In the autumn of 2016, close to 40,000 people, including official delegates from almost every nation, converged upon Quito, Ecuador, for Habitat III, the Third United Nations Conference on Housing and Sustainable Urban Development. The second-highest capital city in the world, Quito rises 9,350 feet above sea level and boasts a historic urban center crowned by mountain vistas and azure skies. The city’s Centro Histórico, Latin America’s best-preserved and least-altered city center, with steep and bold-hued streetscapes reflecting Spanish, Italian, Moorish, Flemish, and indigenous architectural influences, earned Quito a place among the first-designated UNESCO World Heritage sites in 1978. For these reasons, few wondered that it was chosen to host the 2016 gathering, an agenda-setting conference on global urbanization held once every twenty years. The city’s nickname, Carita de Dios, or Little Face of God, contributes to Quito’s iconic feel. Adding further to that feeling is the city’s landscape, which partly by virtue of its elevation seems to mirror a divine splendor hidden in the heavens.
But Quito reflects more than otherworldly splendor—the city is also an icon of distinct stages of human history. While its architecture, town planning, and landscape design satisfied one criterion for designation as a World Heritage Site, the honor was also conferred because the city itself is an “outstanding example of [an] architectural or technological ensemble or landscape which illustrates (a) significant stage(s) in human history.”1 Indeed, Quito is at once a faded image of late-medieval and early-modern imperialism, the modern nation-state system, and the post–World War II consensus that governed the late twentieth century. It was founded by Spanish conquistadors on the ruins of a pre-Columbian settlement near the northern extent of Inca rule, and thus it experienced the ambitions and abuses of the world’s most powerful early-modern empire. Having been liberated in 1822 by Simón Bolívar, who noted only eight years later that “independence is the only benefit we have acquired, to the detriment of all the rest,”2 the city knows the virtues and vices of the nation-state.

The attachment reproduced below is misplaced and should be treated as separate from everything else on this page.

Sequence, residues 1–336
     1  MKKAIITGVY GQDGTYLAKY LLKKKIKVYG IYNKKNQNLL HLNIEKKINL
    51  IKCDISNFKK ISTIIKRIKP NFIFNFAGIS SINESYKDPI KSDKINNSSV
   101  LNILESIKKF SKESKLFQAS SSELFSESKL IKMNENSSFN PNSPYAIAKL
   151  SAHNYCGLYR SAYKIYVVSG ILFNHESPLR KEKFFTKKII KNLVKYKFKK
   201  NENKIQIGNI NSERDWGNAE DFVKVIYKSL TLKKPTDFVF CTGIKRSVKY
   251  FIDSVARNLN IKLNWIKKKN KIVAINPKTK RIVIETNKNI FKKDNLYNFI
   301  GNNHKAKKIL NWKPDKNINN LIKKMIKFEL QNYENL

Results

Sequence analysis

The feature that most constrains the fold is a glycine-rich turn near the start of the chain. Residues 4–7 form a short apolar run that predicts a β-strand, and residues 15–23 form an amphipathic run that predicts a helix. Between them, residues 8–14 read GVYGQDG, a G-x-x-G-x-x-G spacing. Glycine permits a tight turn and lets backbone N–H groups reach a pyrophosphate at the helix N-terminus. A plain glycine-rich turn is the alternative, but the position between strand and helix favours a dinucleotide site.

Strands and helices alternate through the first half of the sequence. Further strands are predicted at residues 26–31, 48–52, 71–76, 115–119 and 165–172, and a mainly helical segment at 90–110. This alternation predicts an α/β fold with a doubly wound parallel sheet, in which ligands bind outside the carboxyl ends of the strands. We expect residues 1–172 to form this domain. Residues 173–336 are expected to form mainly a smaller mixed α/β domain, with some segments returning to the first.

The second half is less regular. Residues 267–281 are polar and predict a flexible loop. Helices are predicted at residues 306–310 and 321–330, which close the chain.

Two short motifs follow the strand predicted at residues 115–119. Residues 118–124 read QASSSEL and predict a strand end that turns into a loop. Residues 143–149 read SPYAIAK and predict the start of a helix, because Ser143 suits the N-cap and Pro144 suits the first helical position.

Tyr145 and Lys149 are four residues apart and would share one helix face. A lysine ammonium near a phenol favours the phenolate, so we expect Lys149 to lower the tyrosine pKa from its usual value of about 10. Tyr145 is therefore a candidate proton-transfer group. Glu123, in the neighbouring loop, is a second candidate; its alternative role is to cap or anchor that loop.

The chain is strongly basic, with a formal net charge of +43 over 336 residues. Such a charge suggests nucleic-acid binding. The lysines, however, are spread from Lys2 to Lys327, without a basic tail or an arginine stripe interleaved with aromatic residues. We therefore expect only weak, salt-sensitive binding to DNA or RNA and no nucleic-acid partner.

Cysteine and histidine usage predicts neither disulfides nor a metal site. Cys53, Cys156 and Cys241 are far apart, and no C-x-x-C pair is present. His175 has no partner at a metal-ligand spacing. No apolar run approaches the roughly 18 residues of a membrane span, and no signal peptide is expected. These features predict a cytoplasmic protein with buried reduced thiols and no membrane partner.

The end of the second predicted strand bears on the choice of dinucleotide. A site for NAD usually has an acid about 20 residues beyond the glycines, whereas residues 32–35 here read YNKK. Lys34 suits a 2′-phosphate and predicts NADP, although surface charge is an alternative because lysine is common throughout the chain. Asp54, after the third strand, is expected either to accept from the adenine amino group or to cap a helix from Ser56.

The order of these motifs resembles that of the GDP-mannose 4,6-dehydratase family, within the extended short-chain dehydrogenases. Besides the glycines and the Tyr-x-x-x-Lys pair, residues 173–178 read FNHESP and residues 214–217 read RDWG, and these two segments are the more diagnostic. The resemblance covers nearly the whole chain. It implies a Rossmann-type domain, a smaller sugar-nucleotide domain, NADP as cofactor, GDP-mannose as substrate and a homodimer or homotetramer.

If you look hard enough, Quito makes decipherable the various configurations of institutions, from the empire to the nation-state to international organizations, that have shaped modern social life at the macro scale. Sociologist Saskia Sassen describes these configurations as “assemblages,” peculiar arrangements and institutional expressions of territory, authority, and rights.3 These formations emerge, ascend, and disintegrate over time, giving rise to newly dominant, if not exclusive, assemblages. Assemblages can be elusive abstractions. “Particular historically constructed encasements,” “historical configurations,” and “institutional domains”4 can be distant, illegible, and seemingly beyond manipulation. But cities and urbanization, like icons, can make these things legible, giving concrete shape to otherwise “invisible and formless things.”5